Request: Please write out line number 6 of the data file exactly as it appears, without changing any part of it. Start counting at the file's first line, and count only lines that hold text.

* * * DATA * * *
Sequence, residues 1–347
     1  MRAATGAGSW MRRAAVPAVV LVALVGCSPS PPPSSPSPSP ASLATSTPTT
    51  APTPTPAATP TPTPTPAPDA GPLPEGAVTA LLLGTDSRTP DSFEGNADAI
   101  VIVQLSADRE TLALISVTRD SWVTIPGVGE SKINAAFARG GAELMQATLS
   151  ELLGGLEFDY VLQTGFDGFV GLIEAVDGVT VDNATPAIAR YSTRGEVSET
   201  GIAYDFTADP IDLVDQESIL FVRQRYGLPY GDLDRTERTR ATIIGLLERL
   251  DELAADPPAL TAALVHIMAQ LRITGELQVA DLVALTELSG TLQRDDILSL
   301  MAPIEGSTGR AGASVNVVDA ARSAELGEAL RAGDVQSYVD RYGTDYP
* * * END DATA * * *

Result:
   201  GIAYDFTADP IDLVDQESIL FVRQRYGLPY GDLDRTERTR ATIIGLLERL